Monday 26 Feb 2018

Interview with Lynda Horn, Victorian AIDS Council

Please tell us about your background.

After finishing school, I decided to pack my clothes, jump in the car and explore our incredible country. Several years later (and what an amazing experience), I had travelled through most of Australia, from the outback to the most beautiful coastal towns, working in bars, picking fruit or taking whatever jobs were available.

After learning about life, I decided to study naturopathy. Although I never completed it, I learnt much about holistic health which came in handy when I had my 2 daughters.

I knew I wanted to work in the community development/welfare sector, so I returned to study whilst my kids were young. After completing my diploma, I worked in the drug/alcohol sector, the prostitutes collective, the housing sector, the fundraising sector, Bent TV, and then landed a job at Victorian AIDS Council (VAC) as the volunteer coordinator. When the position of coordinating the David Williams Fund (DWF) came up (which back then was just an Emergency Relief Fund), I applied and got the job!


What motivated you to pursue financial counselling?

Actually, I fell into it as a result of the ER work I was doing with the DWF. Working in the fund gave me insight into the huge need there was for financial counsellors, and their work just seemed more holistic to me. I wanted the fund to be "a hand up, not a hand out" which rang true to my values. At heart, I am a pit-bull terrier, that loves to fight for the underdog, and being a financial counsellor gives me the ability to do exactly that.


What are the unique aspects of your role or the area you work in?

The DWF provides practical support & assistance to people living with HIV. The Fund provides financial assistance, financial counselling, financial literacy, NILS, rural outreach to Bendigo, support for returning to study, and we are about to embark on domestic violence financial counselling.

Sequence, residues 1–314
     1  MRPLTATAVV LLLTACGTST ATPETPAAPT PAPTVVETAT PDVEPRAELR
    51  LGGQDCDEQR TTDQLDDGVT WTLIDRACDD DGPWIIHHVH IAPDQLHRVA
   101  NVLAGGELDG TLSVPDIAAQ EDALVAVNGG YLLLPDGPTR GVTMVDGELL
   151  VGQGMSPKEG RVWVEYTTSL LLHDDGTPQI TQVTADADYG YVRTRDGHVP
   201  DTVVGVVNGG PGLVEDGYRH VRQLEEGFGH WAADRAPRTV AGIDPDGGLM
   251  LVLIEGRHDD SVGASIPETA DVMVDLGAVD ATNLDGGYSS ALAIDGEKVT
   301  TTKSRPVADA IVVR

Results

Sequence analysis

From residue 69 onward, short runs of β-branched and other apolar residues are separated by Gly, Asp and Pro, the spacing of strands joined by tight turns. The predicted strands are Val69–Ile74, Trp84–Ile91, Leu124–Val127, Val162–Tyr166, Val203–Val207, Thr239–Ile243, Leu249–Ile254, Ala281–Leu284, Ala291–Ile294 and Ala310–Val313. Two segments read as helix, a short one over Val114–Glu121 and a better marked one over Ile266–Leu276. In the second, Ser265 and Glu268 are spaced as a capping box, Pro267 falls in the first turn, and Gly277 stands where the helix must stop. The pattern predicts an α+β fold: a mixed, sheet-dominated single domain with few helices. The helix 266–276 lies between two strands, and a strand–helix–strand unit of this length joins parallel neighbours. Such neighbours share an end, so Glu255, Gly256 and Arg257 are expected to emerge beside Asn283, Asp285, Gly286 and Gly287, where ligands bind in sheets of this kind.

Unique to my role is the freedom to tailor programs specifically for our clientele. Being funded by a philanthropic organisation allows me the autonomy and flexibility to approach my work from a broader perspective than most financial counsellors.


What has been your proudest achievement to date?

The successful grant of funding from the Consumer Credit Fund for my role. Having seen the need for the DWF to have a financial counsellor, which at the time VAC was unable to fund, I applied for and was granted the funding to include financial literacy workshops in the services provided by the DWF. Acknowledging the necessity and success of the service after the initial 12 months, VAC began, and continues, to provide the funding for my current role.


What do you see as the biggest challenge facing the financial counselling sector?

Huge waiting lists! Quite simply, there are not enough financial counsellors to provide for the clientele requiring our service. The sector, like most in the community/welfare sectors, desperately needs more funding.


What has been the most valuable resource or advice you’ve received?

Attending conferences is always of huge value. Meeting contacts from debt collection agencies, utility companies, banks and so on are amongst the most valuable resources. At each conference, I make it a mission to get to know the 'head honcho' from a different company as I found having a personable and professional relationship with them often results in greater outcomes for clients.

In terms of advice, listening to client needs has informed the majority of my professional decisions. I believe that the best advice a worker in the service provision sector can receive is that which comes straight from the mouths of those receiving the service.


And now the easy questions:

What book are you reading at the moment?

The Secret History by Donna Tartt


What TV show are you currently watching?

Big Little Lies